Tags: 2014 Midterm Elections | 2016 Elections | MidPoint | eric cantor | republican | primary | loss

WaPo's Rubin: Cantor's Loss Meaningless for 2016

By Sean Piccoli   |   Wednesday, 11 Jun 2014 09:37 PM

Washington Post columnist Jennifer Rubin told Newsmax TV on Wednesday that the Republican presidential contest is too far off to be affected by what just happened to Rep. Eric Cantor.

"He's a congressman in one district and we're going to have a year and a half before the primaries really get underway at all," Rubin told "Midpoint" host Ed Berliner.

But, after the primary shocker on Tuesday that dethroned the sitting House majority leader, Rubin quipped that it's "no fun" for political observers if "every incident doesn't have enormous ramifications."

Or, she added, if said observers have to admit to being caught by surprise.

"I mean, did anyone — me included — think six months ago, a year ago, [Sen.] Lindsey Graham would have sailed through his [South Carolina GOP] primary with virtually no opposition and Eric Cantor would have lost by double digits?" said Rubin. "I mean, we really know so little about politics."

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Some post-mortems on Cantor's unexpected loss have pointed to his involvement with a controversial immigration reform bill, suggesting the issue is now officially toxic for current and future Republican office-seekers.

While Rubin allowed as how "it's criminal the way we tend to prognosticate at times," she went ahead with a less dire scenario for 2016 GOP candidates.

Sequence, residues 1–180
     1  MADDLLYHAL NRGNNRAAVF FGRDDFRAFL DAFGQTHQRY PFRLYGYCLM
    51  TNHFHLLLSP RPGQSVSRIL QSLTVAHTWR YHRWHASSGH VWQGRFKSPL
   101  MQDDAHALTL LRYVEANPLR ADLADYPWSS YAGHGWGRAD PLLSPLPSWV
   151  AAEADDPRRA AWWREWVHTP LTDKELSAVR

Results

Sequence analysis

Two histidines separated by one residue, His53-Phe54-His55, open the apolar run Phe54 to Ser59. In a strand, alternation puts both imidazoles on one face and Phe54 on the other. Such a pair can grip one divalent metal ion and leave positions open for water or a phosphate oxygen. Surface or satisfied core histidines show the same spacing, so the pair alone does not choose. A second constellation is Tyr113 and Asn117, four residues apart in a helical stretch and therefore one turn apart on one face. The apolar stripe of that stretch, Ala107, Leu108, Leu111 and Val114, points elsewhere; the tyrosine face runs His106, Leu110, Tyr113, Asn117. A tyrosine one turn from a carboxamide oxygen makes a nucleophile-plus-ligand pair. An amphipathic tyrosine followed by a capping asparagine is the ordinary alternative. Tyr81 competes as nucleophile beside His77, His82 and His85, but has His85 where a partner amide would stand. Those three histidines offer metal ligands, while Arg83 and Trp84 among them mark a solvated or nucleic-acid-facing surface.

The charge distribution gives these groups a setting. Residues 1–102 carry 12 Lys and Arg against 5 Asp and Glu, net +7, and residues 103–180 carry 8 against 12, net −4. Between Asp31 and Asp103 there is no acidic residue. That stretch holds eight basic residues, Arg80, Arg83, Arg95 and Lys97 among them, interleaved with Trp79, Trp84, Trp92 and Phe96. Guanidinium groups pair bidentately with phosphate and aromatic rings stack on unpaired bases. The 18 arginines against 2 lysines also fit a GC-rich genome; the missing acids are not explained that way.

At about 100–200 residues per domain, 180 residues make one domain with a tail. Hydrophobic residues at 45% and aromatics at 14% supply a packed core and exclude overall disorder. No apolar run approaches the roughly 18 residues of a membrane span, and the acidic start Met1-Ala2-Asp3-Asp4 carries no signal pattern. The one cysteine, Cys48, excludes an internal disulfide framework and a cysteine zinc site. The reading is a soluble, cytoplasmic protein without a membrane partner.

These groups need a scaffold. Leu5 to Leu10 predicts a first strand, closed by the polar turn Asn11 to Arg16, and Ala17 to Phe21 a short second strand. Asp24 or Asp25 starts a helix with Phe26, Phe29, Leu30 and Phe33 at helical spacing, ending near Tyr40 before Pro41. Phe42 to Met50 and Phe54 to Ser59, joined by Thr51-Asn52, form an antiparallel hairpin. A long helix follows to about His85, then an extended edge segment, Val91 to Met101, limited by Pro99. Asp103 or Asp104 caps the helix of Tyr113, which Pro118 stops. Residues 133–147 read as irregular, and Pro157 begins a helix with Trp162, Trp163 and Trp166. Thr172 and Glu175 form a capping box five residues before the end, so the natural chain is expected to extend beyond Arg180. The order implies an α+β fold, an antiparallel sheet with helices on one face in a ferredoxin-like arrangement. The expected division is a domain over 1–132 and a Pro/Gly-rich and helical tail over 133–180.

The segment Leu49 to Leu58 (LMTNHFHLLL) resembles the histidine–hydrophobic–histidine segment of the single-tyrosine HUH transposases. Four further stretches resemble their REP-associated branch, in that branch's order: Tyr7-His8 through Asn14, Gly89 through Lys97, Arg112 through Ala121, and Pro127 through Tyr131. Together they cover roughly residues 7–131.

"Some of them will be in favor of immigration reform — most of them will be, including [Sen.] Rand Paul [of Kentucky]," she said, "Some will be against it, like [Sen.] Ted Cruz [of Texas]. And we'll have a big old, boisterous fight, as I think is very appropriate and really healthy for the party."

Rubin's own assessment of why Cantor lost to a political rookie touched on immigration, but less as an issue and more as a reflection of how Cantor — trying to equivocate — had lost the confidence of voters in Virginia's 7th congressional district.

"You do have to pick a side," said Rubin. 

"Voters are pretty good at sniffing out people who change for atmospheric reasons, for advancement, and for political reasons," she said, "and you do better just saying, 'Listen, you're not going to agree with everything I have to say but here's what it is and here's the things we do agree on, and here's how I'm going to help you.'

"That's a much more straightforward and much more effective way of campaigning than trying to double back and weave and bob," said Rubin.

With attention turning to Dave Brat, the college professor who just knocked off one of the country's most powerful Republicans, Rubin said, "We'll have to see whether he becomes a great legislator or another also-ran somewhere in the annals of congressional history."

If there is a lesson in Cantor's loss that applies to future political campaigns, Rubin said it's that "races really do count."

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